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why do bonds make any sense in a future in which inflation goes up?  The interest rate is fixed, right?  So presumably you'll be getting, say, 2% but inflation is 10% - a huge loss? And the value of that bond on the open market will have cratered, so you'll lose if you sell to invest in a higher returning asset?

 

I understand where bonds make a lot of sense in a flattish or declining interest rate environment.  I just don't see how they make sense now.

 

disclaimer: I have no bonds at all.  because ape hands retard strong.

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@Vendettadude you're off your tits and/or you're overthinking it :P

there is enough shite out there to short already without getting into bonds

ie that shitty £££££ dumped its arsehole as soon as there was the smallest hint of risk off....that's what the world thinks of the UK nowadays

#islandprison

#donttakeitpersonally :Jumping:

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9 hours ago, desertorchid said:

A bit to learn but bonds in general are essential for a decent sized portfolio IMO

Warren Buffet has spoken o.O

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desertorchid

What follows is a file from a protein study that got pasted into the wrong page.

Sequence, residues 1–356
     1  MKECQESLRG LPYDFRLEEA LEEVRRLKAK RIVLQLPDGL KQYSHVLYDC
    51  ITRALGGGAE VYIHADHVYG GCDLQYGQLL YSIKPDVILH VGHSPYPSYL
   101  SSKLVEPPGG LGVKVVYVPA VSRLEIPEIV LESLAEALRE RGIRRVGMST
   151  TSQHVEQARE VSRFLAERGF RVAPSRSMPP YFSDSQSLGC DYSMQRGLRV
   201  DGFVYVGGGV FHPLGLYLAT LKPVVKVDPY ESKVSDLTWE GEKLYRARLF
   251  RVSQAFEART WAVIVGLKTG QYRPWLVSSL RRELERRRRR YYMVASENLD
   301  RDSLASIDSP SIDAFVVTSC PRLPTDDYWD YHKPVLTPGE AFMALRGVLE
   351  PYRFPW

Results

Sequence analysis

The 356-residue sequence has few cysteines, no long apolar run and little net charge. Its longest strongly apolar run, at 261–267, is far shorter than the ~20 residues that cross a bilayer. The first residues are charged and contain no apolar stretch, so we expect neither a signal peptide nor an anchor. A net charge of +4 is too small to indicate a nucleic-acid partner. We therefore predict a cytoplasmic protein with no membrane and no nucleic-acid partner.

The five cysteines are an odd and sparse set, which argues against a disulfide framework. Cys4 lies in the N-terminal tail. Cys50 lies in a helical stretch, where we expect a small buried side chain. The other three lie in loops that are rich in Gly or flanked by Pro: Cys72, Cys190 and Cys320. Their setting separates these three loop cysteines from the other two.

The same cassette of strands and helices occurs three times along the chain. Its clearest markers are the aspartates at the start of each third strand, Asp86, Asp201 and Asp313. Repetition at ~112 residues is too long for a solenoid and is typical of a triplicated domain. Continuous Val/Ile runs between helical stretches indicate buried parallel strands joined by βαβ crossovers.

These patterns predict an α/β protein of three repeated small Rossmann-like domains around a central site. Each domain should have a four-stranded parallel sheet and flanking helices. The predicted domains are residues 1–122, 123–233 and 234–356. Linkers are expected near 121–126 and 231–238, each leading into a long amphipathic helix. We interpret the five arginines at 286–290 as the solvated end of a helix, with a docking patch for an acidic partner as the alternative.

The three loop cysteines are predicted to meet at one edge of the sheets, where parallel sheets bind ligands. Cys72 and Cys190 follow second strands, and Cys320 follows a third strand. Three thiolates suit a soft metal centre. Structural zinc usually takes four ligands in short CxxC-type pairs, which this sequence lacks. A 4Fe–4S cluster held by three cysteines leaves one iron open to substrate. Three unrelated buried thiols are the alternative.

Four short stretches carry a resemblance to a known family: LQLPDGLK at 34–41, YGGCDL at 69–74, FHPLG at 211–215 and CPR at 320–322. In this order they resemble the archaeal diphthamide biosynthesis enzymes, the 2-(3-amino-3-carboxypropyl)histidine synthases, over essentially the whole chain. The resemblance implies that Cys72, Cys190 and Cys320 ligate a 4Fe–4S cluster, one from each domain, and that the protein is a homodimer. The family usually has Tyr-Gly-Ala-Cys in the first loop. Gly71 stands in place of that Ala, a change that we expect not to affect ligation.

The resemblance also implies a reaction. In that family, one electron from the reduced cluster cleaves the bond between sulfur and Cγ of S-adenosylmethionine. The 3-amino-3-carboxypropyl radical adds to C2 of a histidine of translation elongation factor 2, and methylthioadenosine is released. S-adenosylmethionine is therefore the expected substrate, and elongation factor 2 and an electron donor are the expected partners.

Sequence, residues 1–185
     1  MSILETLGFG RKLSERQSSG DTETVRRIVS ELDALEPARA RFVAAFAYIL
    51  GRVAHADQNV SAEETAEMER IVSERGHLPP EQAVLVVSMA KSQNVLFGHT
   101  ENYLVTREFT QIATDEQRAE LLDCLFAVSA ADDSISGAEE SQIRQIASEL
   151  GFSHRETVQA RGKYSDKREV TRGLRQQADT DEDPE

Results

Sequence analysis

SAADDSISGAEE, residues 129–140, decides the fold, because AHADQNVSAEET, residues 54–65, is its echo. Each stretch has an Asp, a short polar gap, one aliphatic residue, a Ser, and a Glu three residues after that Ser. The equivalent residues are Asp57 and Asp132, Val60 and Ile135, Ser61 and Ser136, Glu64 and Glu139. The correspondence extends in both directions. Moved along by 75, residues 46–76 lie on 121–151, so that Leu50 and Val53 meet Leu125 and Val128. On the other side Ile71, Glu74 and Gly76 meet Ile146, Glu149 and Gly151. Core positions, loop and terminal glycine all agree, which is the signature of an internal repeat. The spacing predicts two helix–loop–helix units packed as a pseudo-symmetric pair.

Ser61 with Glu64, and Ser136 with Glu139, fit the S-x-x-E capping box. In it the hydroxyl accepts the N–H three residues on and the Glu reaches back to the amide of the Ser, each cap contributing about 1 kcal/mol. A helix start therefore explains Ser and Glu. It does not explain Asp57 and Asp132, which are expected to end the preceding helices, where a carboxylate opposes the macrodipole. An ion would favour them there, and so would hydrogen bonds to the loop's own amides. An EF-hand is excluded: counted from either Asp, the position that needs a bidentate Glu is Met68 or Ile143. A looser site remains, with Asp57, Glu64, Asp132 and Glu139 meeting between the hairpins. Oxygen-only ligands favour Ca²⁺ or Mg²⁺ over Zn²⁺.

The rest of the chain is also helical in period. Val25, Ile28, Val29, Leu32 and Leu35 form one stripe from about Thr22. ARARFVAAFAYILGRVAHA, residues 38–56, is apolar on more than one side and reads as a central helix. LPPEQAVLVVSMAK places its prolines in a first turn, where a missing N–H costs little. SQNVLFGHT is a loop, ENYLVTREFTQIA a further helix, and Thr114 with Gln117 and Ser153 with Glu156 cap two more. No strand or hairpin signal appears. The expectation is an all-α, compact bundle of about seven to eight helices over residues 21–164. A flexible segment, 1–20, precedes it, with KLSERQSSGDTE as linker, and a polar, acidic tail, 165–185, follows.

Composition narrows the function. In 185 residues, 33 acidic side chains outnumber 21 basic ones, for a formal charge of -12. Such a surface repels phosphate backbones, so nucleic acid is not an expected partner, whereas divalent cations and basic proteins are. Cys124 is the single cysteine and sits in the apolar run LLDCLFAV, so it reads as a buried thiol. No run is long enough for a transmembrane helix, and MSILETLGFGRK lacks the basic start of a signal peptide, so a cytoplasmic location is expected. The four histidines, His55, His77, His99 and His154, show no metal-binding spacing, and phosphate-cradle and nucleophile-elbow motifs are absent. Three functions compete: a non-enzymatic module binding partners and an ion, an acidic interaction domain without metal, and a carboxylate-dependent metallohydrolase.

3 minutes ago, nirvana said:

Warren Buffet has spoken o.O

No Sage but would hazard a guess 9O% of the population haven't a clue what bonds even are.

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desertorchid
6 hours ago, wherebee said:

why do bonds make any sense in a future in which inflation goes up?  The interest rate is fixed, right?  So presumably you'll be getting, say, 2% but inflation is 10% - a huge loss? And the value of that bond on the open market will have cratered, so you'll lose if you sell to invest in a higher returning asset?

 

I understand where bonds make a lot of sense in a flattish or declining interest rate environment.  I just don't see how they make sense now.

 

disclaimer: I have no bonds at all.  because ape hands retard strong.

They don't, but to think medium term inflation is baked in is equally foolhardy. The last 2 decades have consistently had false alarms on inflation. Holding bonds has been a one way bet in that time.

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Didn't have time to read all of that. But it's a good topic.

The inflation risk element amused me because it showed inflation below the coupon. We're worried that inflation will be 10% when you are only getting 2%. I'd be interested to understand the effect if you are getting 5% coupon with average inflation over 10 years, say, of 3% but a period in the middle of 10%.